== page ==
In terms of intracategorical complexity, McCall points out that this perspective seeks to complicate and use existing analytical categories in a more critical way. In some ways it can be considered as the origins of intersectional analyses. From a methodological point of view, both personal and group narratives are discussed under the headline of intracategorical complexity. These form the traditional forms of analyzing intersectionality. Extending this approach to more recent studies can mean working with “cases”; in-depth studies of a single group, culture or site. Closely associated with qualitative studies, their ability to “reveal diversity, variation and heterogeneity” is emphasized. Rather surprisingly for me, ethnography is only shortly mentioned here.

This part of the article ends in some reflections concerning the general developments of any scientific field. McCall points out that the development of the two above discussed phenomena has not occurred without having an impact on the production of knowledge about intersectionality. Making a connection between women’s studies as they were a few decades ago, she concludes that “the development of a new field is celebrated on the tomb of the old”, which in terms of women’s studies (as within many other disciplines) has meant that as a field, it has grown to be increasingly fragmented, multidisciplinary.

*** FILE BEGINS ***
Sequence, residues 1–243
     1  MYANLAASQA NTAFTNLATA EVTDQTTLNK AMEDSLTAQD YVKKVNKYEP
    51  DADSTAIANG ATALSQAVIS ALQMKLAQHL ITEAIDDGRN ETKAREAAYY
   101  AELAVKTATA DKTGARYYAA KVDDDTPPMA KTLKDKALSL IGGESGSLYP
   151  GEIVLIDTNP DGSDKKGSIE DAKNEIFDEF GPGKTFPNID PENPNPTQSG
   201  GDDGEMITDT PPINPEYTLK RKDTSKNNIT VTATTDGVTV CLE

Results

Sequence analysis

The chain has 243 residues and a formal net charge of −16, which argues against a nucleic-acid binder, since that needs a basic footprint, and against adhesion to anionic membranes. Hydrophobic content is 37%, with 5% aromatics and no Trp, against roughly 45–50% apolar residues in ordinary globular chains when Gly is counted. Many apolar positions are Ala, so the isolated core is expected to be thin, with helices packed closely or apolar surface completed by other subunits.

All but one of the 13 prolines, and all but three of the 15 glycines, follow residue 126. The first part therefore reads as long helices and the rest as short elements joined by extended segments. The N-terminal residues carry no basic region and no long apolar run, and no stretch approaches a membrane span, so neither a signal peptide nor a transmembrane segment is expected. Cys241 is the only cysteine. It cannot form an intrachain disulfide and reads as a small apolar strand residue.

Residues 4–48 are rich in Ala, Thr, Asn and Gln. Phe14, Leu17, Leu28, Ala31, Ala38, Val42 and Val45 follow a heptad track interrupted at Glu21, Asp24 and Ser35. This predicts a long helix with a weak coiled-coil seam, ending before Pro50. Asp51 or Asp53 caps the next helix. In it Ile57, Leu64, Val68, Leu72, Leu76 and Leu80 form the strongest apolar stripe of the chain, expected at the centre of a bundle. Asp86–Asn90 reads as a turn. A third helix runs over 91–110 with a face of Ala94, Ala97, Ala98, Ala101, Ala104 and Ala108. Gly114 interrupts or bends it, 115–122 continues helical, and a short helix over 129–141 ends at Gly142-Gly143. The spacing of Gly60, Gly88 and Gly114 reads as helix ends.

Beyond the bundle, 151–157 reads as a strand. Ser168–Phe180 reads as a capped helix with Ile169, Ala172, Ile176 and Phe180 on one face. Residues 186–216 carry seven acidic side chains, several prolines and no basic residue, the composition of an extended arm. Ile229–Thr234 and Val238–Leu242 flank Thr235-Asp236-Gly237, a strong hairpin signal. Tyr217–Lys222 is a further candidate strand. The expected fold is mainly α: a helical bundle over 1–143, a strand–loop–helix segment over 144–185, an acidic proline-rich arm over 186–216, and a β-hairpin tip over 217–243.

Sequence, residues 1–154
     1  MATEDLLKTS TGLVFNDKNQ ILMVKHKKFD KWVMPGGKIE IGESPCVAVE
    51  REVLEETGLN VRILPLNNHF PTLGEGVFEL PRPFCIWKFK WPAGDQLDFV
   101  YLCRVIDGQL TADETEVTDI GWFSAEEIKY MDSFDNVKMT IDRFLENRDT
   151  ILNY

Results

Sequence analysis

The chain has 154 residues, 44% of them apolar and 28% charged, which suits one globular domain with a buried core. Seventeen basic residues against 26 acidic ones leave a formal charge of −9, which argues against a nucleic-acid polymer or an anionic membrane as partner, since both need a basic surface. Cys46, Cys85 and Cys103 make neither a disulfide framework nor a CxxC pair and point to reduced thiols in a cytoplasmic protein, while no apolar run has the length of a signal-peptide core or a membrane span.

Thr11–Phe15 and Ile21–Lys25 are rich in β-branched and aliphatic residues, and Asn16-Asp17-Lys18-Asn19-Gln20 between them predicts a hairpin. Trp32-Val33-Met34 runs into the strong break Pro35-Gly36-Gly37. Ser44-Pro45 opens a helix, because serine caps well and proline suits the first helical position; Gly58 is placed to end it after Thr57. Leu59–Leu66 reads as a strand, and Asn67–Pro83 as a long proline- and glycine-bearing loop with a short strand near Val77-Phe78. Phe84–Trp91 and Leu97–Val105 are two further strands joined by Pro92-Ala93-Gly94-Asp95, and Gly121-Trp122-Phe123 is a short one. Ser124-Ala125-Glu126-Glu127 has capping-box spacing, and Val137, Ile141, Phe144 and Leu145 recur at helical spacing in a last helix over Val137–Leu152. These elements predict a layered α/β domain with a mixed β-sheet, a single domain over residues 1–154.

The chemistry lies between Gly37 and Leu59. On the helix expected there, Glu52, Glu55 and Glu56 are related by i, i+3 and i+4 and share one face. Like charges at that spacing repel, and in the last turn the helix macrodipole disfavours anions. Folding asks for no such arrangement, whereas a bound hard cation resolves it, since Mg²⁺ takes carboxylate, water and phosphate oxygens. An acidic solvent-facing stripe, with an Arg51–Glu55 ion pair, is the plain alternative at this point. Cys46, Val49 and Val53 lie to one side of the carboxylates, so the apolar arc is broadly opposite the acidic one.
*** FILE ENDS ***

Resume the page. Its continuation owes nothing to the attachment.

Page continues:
The third approach to the study of intersectionality, intercategorical complexity, is discussed in the following section. Through examples from her own research, McCall attempts to explore “whether meaningful inequalities among groups even exist in the first place” (p. 1785) or treats complex differences and inequalities between groups as a hypothesis. Questioning her own argumentation in order to bring about depth in the analysis, McCall then discusses a different kind of focus, claiming the following: “Relationships of inequality among social groups do not enter as background or contextual or discursive or ideological factors…but as the focus of the analysis itself” (p. 1785-6). The subject of the study needs thus to be multigroup and the method of analysis systematically comparative, she continues. This way, both advantage and disadvantage of intersections of multiple categories can be examined simultaneously. The following part of the paper presents then some examples from McCall’s own research, dealing with structural inequalities among women, ranging from race to gender and class, (wage inequality in regional economies in the US, educational level).

In the conclusion of her paper, McCall states that the major restriction within feminist research on intersectionality, besides its philosophical and theoretical problems, has to do with methodology. My own final conclusion is that, despite its stated focus on methodological issues, the article, to me, does not fully succeed in offering answers to the reader’s questions concerning methodology in intersectional research.